Republican Presidential Contenders Take Part In Second Debate
Columbia, S.C. (AP) -- The second debate among Republican presidential hopefuls has been a chance for them to burnish their conservative credentials.
The leading contenders also sought to highlight differences with their opponents on abortion, gun control and tax cuts.
Former New York Mayor Rudy Giuliani repeated his stance that abortion should be legal. But he said there should be an effort to "reduce abortions."
Former Massachusetts Governor Mitt Romney said he had signed legislation into law banning assault weapons but added that he is a supporter of the rights of gun owners under the constitution's second amendment.
And Arizona Senator John McCain said he would make sure that President Bush's tax cuts are made permanent, even though he voted against them when they were passed in 2001.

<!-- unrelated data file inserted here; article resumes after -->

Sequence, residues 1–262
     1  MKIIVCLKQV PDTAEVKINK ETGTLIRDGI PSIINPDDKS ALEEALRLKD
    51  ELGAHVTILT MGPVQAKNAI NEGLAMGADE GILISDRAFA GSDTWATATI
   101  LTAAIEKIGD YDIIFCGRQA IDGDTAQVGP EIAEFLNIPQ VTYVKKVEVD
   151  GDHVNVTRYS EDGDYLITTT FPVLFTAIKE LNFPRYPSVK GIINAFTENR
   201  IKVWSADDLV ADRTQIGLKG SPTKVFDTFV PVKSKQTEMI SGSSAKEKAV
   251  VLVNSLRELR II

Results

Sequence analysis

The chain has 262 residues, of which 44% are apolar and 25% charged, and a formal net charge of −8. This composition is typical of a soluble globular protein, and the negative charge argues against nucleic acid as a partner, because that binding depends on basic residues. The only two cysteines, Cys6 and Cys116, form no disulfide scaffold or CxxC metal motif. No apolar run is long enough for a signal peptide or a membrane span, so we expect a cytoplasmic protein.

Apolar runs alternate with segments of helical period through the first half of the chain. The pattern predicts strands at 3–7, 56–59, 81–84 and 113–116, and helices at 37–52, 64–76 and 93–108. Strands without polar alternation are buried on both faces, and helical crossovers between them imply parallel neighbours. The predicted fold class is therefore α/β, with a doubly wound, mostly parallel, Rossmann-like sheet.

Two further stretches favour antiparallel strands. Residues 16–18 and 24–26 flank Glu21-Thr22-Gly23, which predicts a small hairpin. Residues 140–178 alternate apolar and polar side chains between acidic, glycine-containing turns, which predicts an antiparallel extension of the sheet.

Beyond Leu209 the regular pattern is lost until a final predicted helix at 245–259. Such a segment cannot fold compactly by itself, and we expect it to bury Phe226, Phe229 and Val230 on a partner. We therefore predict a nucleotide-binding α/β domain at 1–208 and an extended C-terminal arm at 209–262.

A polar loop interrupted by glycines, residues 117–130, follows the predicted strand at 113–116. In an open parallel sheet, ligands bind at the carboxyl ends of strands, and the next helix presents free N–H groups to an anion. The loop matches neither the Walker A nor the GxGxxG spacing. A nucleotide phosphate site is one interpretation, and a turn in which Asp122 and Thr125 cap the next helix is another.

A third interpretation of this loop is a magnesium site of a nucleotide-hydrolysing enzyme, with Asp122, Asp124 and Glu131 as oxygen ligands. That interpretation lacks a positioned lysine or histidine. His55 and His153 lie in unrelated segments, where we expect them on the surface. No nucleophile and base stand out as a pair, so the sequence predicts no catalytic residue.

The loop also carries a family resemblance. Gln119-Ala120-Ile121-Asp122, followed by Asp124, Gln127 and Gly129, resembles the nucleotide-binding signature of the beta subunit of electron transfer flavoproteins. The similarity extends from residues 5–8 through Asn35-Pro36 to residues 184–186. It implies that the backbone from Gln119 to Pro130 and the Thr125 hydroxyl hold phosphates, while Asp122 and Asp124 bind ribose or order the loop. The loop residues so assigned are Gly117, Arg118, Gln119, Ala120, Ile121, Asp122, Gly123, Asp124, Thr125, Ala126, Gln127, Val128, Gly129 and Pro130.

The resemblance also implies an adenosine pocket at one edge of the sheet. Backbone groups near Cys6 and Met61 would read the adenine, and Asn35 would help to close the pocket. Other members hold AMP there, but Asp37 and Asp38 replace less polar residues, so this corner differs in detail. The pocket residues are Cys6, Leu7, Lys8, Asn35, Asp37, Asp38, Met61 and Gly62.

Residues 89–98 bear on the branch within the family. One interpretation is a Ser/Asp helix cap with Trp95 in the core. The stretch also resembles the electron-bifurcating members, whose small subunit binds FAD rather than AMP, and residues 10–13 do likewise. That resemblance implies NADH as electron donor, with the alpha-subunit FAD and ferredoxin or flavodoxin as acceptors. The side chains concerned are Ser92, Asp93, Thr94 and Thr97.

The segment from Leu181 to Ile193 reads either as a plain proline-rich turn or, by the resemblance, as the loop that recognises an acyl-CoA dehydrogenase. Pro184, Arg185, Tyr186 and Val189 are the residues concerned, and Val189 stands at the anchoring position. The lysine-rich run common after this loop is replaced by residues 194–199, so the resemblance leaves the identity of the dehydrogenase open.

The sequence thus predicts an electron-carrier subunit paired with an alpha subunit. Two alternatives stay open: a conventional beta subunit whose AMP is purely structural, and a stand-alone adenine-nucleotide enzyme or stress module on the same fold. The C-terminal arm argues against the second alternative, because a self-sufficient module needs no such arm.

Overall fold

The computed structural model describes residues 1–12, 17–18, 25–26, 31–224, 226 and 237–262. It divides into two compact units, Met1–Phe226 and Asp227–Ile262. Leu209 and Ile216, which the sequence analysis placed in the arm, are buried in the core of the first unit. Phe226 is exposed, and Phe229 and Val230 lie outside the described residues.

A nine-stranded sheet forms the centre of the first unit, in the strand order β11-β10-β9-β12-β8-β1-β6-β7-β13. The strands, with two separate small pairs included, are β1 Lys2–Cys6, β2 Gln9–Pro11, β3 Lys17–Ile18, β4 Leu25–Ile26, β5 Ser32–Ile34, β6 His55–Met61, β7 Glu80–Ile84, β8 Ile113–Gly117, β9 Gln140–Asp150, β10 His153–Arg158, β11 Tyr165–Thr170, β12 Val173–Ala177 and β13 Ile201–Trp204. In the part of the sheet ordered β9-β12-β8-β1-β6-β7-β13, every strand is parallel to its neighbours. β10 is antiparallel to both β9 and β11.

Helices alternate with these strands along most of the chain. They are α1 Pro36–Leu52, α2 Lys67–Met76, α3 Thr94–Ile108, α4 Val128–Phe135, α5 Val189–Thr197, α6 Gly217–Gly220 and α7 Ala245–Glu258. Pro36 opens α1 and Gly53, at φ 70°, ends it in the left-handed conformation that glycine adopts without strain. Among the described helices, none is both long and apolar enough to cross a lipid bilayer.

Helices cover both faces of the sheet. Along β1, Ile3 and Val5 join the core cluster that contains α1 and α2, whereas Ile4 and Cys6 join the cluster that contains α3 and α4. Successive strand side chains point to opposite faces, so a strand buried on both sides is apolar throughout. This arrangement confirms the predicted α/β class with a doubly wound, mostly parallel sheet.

Republican Candidates Take Aim At Each Other, As Well As Democrats
The Republican Presidential candidates duked it out in South Carolina last night in their second debate.
Some of those behind in the polls jabbed at the front-runners.
Colorado Congressman Tom Tancredo said he thinks John McCain, Mitt Romney and Rudy Giuliani are soft on immigration. And he said his rivals have undergone conversions on such issues as abortion hoping to win votes.
Former Virginia Governor Jim Gilmore described some of his opponents as "very liberal in characterizing themselves as conservatives, particularly on the issues of abortion and taxes and health care." He singled out Giuliani for supporting abortion rights and pointed out that Mike Huckabee raised taxes as Arkansas governor. Huckabee responded by saying he cut taxes repeatedly as governor, blaming the tax hike on a court order.
The Republicans also used a little time to target Democrats. Huckabee, for instance, had got in a double dig, saying the Democratic Congress has spent money "like John Edwards at a beauty shop."
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